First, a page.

The Yate to Thornbury Railway


Tytherington Life

Recollections of the Tytherington railway

The Railway and the Quarries at Tytherington

Tytherington Stationmasters and Porters

Level Crossing in Tytherington

The first public train ran from Bristol to Thornbury via Tytherington on 2nd September 1872 and set down about 100 passengers at Thornbury. The line was closed to passenger traffic in 1942, and `finally' closed in 1967 when the rails were removed. In 1972 the track was re-laid to serve the new Stone Terminus at Grovesend Quarry but in 1990 with the trade recession the rail connection was temporarily closed but later reopened when trade picked up.  In 2013 Grovesend Quarry was 'mothballed' as demand for stone declined and the railway line became disused again.

  Work started on this branch line in 1867, the bridge over the Ladden Brook on the parish boundary was begun in 1868 as was the cutting through the limestone between Tytherington and Thornbury. The two tunnels, at Tytherington and Grovesend, were afterthoughts; the engineers decided that the gradient of 1 in 60 through the cutting was too steep and tunnels were bored at a cost of £15 a yard. Tytherington station cost £318, the Station House £288 10s. The time-table for the opening was very simple. A train left Thornbury at 8.10 a.m. arriving at Yate half an hour later 'in connection with the Main Line trains' and returned an hour later. Then in the afternoon it was 4.35 p.m. from Thornbury to Yate, and the return train arrived at Tytherington at 5.46 p.m. It was soon realised that the gap was too long and, a fortnight later, a mid-day train was added. In the 1920s, the return fare to Thornbury was 5d., to Bristol ls. 3d. There was also a milk train from Thornbury to Yate early each morning. North of Tytherington station from 1884 a siding lead into West Quarry. The siding closed on 10th June 1963 and was taken out of use that October. From 29th August 1898 on the opposite side of the branch, a siding led to Church Quarry

 When the line first opened the Western Daily Press (3rd Sept 1872) reported that “Simply for an excursion, a trip along the new route would repay the traveller, as in the locality of Tytherington the scenery is very bold and romantic, and similar in character to that at the Peaks in Derbyshire, which is perhaps unequalled in England.”  The photograph above left shows Tytherington station viewed towards Iron Action in 1956.

Tytherington station was identical in design to that at Iron Acton and by 1946 was staffed only by a leading porter, the post of station master having been abolished following the withdrawal of the passenger service in 1944. From 1st August 1947 the station became unstaffed and closed to parcels, from that date parcels being collected and delivered from Yate. A boy scout troop held the tenancy of the building from 1949 until the branch line closed in 1967. Construction of the railway cut across the garden of Porch House, West Street, leaving a detached strip of 1.5 acres on the west side of the line. This was purchased from the owners of Porch House and The Villa built on it.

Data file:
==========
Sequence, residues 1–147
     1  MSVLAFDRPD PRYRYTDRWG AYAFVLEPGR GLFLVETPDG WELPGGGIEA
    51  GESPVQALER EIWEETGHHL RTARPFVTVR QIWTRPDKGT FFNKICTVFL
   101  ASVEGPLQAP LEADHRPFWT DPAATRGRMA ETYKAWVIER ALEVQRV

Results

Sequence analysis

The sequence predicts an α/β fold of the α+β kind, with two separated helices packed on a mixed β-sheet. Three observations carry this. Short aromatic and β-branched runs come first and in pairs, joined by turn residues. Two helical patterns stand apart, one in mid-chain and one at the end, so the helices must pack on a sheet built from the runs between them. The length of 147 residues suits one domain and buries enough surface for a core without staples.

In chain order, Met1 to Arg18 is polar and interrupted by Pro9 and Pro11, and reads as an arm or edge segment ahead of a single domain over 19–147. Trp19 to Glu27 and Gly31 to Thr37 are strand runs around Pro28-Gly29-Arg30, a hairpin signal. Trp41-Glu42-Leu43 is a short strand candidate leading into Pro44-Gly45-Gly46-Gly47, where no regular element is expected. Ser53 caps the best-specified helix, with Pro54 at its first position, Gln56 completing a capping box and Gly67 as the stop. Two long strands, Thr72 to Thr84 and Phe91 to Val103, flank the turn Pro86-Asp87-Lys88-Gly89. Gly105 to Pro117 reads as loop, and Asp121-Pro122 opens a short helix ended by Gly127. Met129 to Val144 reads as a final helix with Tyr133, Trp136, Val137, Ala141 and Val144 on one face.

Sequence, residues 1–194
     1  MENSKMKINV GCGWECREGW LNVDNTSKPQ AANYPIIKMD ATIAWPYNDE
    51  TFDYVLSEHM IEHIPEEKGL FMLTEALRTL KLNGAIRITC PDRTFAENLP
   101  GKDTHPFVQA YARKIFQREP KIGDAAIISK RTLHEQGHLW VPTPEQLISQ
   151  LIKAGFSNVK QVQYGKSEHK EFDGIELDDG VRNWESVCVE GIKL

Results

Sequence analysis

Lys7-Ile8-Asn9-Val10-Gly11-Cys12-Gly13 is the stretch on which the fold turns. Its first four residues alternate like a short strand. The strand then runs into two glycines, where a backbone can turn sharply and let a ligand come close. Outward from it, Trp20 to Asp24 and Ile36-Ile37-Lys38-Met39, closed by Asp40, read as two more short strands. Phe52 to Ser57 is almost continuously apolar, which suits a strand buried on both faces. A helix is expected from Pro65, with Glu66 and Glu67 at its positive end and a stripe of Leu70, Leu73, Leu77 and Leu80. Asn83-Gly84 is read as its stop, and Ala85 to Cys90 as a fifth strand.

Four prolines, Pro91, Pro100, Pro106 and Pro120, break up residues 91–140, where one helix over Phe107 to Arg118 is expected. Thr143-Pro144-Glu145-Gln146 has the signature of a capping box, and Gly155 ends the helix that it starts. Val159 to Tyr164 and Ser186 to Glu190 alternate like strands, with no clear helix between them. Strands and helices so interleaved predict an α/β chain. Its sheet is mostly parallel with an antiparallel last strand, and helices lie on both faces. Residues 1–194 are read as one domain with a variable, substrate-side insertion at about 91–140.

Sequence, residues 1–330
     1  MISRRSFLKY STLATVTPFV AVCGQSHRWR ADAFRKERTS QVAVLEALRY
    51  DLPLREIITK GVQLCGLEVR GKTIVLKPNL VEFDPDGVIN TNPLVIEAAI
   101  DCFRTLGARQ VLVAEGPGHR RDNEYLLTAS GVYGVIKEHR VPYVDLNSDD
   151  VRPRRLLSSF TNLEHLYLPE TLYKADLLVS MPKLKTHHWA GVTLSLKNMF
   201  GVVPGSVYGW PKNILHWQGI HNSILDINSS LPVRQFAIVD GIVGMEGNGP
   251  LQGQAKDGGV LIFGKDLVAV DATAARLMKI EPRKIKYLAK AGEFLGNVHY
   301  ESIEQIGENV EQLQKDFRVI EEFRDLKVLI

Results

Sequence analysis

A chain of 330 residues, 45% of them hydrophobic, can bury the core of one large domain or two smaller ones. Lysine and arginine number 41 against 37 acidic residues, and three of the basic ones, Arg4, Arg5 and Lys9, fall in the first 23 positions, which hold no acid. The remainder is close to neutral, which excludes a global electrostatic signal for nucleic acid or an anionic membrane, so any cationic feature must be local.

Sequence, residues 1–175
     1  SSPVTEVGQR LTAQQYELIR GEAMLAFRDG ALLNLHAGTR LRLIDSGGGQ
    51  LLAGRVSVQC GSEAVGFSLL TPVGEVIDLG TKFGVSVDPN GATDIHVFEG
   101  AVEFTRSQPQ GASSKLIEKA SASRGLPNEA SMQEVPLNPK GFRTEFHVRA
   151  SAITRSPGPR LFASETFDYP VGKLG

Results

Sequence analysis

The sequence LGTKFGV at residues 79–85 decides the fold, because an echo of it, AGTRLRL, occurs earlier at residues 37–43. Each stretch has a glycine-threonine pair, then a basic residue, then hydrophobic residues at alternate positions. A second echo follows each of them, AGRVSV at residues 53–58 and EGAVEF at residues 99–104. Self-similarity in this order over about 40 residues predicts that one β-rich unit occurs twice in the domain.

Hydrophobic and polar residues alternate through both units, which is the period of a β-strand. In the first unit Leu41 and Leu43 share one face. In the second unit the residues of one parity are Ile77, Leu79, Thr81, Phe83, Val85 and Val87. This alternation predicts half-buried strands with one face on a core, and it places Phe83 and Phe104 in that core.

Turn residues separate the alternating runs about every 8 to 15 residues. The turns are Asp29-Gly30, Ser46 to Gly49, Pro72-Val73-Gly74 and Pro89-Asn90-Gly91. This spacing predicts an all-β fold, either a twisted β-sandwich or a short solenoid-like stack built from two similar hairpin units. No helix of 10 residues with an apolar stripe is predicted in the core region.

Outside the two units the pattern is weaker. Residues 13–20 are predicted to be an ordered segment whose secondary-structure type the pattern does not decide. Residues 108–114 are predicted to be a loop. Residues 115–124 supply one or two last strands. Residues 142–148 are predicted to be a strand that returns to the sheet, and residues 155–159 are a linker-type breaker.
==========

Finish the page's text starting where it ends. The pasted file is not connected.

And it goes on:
The operation of the line seems to have been uneventful; although in 1885 it is estimated that around 40,000 passengers passed through Tytherington on their way to Thornbury to view a beach whale at Littleton, some 4 miles away.  Another busy time was after its closure to passenger traffic when for three days after D-day in 1944, 600 wounded U.S. personnel were brought by train to Thornbury, to be taken on by ambulance to Leyhill Hospital, and other trains followed.

Around 1954, on returning from Thornbury, the train driver reported an incident to the Yate station master. When returning through Tytherington tunnel his engine struck an employee of the Tytherington Stone Company taking a short cut through the tunnel on his way home. Fortunately the injury was not serious. It turned out that deafness prevented the trespasser from hearing the trains approach. Coal was regularly transported along the line since there was a coal depot at Iron Acton used by both Bristol Co-op and Thomas Silvey. At Tytherington, Arthur Skuse was the local coal merchant, his sister sharing the business and helping him carry the coal.  Photograph above right shows rail enthusiasts at Tytherington station on a trip to Thornbury in 1956.

Photograph left shows Midland Railway sign dated 1893 situated by West Street railway bridge near Porch House, Tytherington. c 1970.